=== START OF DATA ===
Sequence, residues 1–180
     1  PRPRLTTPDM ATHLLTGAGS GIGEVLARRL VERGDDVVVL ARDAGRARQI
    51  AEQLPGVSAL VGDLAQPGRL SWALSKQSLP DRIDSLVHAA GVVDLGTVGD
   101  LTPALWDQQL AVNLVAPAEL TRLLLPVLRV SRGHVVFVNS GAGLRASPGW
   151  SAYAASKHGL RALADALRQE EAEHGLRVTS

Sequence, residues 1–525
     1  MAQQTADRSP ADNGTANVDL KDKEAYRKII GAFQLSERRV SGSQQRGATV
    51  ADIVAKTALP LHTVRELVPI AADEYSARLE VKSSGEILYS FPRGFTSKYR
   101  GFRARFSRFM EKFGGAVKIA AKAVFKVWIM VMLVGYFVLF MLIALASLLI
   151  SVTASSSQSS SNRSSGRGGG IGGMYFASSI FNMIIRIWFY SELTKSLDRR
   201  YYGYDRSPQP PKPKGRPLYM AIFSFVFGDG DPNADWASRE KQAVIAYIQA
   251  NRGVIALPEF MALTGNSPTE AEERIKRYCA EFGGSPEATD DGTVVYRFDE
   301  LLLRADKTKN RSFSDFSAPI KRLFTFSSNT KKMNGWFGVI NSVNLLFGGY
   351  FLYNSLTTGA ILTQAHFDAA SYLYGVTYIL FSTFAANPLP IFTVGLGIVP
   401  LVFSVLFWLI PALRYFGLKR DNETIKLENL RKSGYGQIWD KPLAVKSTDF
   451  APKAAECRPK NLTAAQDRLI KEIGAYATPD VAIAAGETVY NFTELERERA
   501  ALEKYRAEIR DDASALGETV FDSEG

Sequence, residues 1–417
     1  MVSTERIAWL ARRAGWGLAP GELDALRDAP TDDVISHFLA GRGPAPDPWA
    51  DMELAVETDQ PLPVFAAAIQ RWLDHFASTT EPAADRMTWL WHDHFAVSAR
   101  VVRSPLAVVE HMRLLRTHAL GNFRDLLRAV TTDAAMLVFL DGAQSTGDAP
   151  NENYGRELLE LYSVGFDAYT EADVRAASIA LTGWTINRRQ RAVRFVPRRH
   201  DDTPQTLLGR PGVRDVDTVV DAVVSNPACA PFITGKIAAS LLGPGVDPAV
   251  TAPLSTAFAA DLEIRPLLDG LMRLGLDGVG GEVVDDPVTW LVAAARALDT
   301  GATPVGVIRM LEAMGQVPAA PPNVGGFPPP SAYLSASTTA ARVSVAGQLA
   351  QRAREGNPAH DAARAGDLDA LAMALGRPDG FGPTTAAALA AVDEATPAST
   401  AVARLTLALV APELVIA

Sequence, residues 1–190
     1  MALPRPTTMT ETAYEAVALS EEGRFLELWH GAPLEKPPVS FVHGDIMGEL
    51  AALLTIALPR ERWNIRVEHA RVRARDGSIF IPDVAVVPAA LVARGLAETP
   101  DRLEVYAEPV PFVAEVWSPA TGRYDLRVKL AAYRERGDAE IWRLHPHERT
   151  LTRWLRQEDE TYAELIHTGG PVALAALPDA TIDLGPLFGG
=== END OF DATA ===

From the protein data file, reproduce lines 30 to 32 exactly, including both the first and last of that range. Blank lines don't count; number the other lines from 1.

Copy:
    51  AALLTIALPR ERWNIRVEHA RVRARDGSIF IPDVAVVPAA LVARGLAETP
   101  DRLEVYAEPV PFVAEVWSPA TGRYDLRVKL AAYRERGDAE IWRLHPHERT
   151  LTRWLRQEDE TYAELIHTGG PVALAALPDA TIDLGPLFGG